No, i’m not going to write about ecology today ?.

 

Lately, I was asked to do a consultancy job and look at some JMeter performance testing scripts. One of the issues discussed, was how to ‘manipulate’ the results or to be more exact, how to turn a failed response into a successful, green one.

 

As for changing the outcome of samplers, definitely it’s not something that should be done and a process that I’m not keen on doing. However, let me tell you the context first.

Bloody red results

The story is that substantial share of the application under test’s guests are first time visitors. Additionally, it has a very rich content, so there is huge network traffic connected with not-cached resources like photos, fonts etc. And it’s crucial for the customer to simulate this traffic as accurately as possible.

As for JMeter, it provides out of the box a setting to download this embedded resources, but, well… it is not perfect.

 

So it might happen that the JMeter parser:
    • could set a correctly downloaded resource as failed, because parsing process of the file has crashed,

 

  • or it does not recognize that some resources should be automatically downloaded (e.g. because they are linked from javascript code).
    You will need to add such requests manually to the script and bundle them cleverly in a single transaction with the parent call for the html.
    This entails maintaining lots of resource requests by yourself, which ends up in a big pain since the content for the application changes very often.

For each page you download dozens of photos etc. Imagine that you get back a single failed response (e.g. 404) for just one of them.

What happens then?

A whole transaction is marked as failed and that really does a mess out of summary results.

 

Here’s where a need for ‘manipulation’ of the results arises. Basically, if you get a failure originating in the embedded resources similar to the cases described above, you can just tell JMeter to omit marking the responses in red.

So how to do it? As usual in JMeter, you can deal with this stuff in couple of ways.

 

Going green with response assertion

The simplest way to handle such issues is to use a good old response assertion.

 

Just select if you want to apply it to main sample, child samples or both. Check the ‘ignore status’ checkbox as well. And you’re done.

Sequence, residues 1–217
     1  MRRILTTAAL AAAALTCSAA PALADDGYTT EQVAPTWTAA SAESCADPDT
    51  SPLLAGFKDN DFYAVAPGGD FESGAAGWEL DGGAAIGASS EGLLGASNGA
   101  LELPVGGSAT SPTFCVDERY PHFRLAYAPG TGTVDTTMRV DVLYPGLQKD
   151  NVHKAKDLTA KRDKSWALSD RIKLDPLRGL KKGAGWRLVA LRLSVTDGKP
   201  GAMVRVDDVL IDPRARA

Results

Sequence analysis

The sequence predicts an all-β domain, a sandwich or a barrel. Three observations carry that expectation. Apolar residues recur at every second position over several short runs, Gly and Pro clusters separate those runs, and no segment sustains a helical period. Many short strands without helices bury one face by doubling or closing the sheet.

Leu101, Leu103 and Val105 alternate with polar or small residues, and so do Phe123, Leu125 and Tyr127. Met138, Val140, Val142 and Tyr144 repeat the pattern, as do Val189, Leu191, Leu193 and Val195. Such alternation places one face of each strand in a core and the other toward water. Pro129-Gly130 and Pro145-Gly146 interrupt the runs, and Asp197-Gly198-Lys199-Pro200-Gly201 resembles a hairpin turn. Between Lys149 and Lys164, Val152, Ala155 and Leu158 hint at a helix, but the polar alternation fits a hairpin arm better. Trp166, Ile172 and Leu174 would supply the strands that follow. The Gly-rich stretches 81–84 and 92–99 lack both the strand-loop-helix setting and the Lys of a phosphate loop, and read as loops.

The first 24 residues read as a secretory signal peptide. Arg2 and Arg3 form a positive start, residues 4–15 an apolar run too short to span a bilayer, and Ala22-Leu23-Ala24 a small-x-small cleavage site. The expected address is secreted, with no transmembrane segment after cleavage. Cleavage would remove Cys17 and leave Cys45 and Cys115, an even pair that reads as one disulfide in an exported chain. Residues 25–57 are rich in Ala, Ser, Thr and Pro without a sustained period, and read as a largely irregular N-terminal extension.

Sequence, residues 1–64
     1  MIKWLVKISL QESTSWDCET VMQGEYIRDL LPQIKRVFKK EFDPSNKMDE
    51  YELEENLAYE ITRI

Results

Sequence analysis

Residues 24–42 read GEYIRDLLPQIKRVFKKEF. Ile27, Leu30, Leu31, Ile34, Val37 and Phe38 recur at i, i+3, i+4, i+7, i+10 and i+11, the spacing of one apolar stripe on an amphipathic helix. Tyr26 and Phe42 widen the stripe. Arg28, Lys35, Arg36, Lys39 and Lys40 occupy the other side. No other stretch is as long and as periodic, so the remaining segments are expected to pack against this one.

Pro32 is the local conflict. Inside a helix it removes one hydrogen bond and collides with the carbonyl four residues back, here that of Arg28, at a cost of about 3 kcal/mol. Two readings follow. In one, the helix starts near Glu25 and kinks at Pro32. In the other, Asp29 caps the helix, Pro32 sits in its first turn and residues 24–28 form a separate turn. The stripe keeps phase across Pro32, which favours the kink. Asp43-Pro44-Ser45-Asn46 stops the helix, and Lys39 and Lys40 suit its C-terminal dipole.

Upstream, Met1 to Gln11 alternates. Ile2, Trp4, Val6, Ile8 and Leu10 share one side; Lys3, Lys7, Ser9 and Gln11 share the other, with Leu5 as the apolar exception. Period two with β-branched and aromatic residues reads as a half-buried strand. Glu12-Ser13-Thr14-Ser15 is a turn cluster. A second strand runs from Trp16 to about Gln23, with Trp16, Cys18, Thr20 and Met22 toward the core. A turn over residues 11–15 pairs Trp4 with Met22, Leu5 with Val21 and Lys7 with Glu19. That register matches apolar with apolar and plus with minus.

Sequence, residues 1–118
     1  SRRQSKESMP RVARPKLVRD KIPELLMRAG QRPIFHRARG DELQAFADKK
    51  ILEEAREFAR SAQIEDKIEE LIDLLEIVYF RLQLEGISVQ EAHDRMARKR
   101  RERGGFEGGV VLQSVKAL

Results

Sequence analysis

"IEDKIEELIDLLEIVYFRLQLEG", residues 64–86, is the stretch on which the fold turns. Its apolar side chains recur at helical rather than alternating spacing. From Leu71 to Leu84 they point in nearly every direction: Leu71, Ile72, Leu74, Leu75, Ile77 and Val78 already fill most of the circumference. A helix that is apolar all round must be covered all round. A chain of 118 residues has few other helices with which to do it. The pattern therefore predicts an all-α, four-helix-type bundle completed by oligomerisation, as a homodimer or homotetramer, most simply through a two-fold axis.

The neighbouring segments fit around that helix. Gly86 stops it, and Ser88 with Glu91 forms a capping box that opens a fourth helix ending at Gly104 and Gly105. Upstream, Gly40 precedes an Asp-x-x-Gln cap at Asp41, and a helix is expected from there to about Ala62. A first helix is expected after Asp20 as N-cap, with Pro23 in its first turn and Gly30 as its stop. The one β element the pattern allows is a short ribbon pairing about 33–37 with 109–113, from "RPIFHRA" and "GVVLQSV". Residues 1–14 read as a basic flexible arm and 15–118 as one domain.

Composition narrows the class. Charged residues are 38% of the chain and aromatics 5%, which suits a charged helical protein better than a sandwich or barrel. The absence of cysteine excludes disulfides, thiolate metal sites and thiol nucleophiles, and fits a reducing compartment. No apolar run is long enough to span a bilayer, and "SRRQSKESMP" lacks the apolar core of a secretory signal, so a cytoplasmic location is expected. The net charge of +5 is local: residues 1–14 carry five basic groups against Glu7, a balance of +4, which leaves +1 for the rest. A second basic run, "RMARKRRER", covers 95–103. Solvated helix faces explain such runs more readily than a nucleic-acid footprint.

Just remember to add it to correct scope of samplers, as you certainly don’t want to omit more samplers status than needed.

Turn it green differently

Earlier in the post I mentioned, that most often there are multiple ways of making things happen in JMeter.

For instance, once requests fail annoyingly for some embedded resource(s), you could always set a property in jmeter.properties file:

 

httpsampler.ignore_failed_embedded_resources=true

 

And just enjoy the silence…Ahem, I mean greenness.

 

To cope with the latter case (embedded resources added manually as requests) you need to do some simple coding. Let’s use JMeter’s SampleResult API to check if the request failed and set it to successful in that case.

 

if (prev.isSuccessful() == false) {
     prev.setSuccessful(true);
}

 

‘prev’, used in the code, is an object of SampleResult class. Hence we can utilize all the methods specified in the API documentation to get info about result of a request and potentially change some portions of it.

 

Next, add the above code to a PostProcessor (preferably JSR223), which should be scoped so it applies to all samplers that we want to turn green in case of failure:

 

 

 As you can see above, PostProcessor did its job and turned the result to green. In this case, response code and other details of the response stay untouched, it’s just the successful/failure flag that was modified.

 

Another result modification example

SampleResult API can also be helpful in other situations. I will give you a rather peculiar example.

 

Late in 2016 I did a review of online JMeter services, among them a RedLine13 platform.

 

When I ran my test script it looked like the service had erroneously treated responses with some http response codes (e.g. 304) as failures.

 

That led to some crazy statistics from test runs:

 

It surely doesn’t look pretty in the center of your test report…

 

Hopefully RedLine13 service has already fixed it, because apart from this, it seemed like a quite interesting cloud service for JMeter.

 

How to work around this thing? It looked to me that the service was checking if the request ended up with response code 200 and marked the sample as failed otherwise.
 The fix is easy, use SampleResult API to set response code to 200, when it is originally returned as 304:

 

if (prev.getResponseCode().equals("304")) {
      prev.setResponseCodeOK();
}